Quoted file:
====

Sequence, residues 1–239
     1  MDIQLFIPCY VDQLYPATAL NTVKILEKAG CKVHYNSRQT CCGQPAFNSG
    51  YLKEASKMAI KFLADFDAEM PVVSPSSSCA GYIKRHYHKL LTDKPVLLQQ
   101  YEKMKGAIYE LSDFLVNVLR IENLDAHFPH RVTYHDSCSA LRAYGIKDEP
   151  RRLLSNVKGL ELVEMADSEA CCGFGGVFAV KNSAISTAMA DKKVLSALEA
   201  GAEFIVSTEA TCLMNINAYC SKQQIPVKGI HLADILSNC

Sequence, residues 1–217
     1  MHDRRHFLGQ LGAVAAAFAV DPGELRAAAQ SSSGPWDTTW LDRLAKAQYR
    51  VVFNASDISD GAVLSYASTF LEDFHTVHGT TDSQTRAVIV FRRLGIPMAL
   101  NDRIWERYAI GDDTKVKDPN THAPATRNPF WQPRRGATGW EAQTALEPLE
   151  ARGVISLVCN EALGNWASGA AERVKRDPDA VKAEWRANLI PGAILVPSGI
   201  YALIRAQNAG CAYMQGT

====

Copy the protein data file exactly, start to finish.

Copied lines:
Sequence, residues 1–239
     1  MDIQLFIPCY VDQLYPATAL NTVKILEKAG CKVHYNSRQT CCGQPAFNSG
    51  YLKEASKMAI KFLADFDAEM PVVSPSSSCA GYIKRHYHKL LTDKPVLLQQ
   101  YEKMKGAIYE LSDFLVNVLR IENLDAHFPH RVTYHDSCSA LRAYGIKDEP
   151  RRLLSNVKGL ELVEMADSEA CCGFGGVFAV KNSAISTAMA DKKVLSALEA
   201  GAEFIVSTEA TCLMNINAYC SKQQIPVKGI HLADILSNC

Sequence, residues 1–217
     1  MHDRRHFLGQ LGAVAAAFAV DPGELRAAAQ SSSGPWDTTW LDRLAKAQYR
    51  VVFNASDISD GAVLSYASTF LEDFHTVHGT TDSQTRAVIV FRRLGIPMAL
   101  NDRIWERYAI GDDTKVKDPN THAPATRNPF WQPRRGATGW EAQTALEPLE
   151  ARGVISLVCN EALGNWASGA AERVKRDPDA VKAEWRANLI PGAILVPSGI
   201  YALIRAQNAG CAYMQGT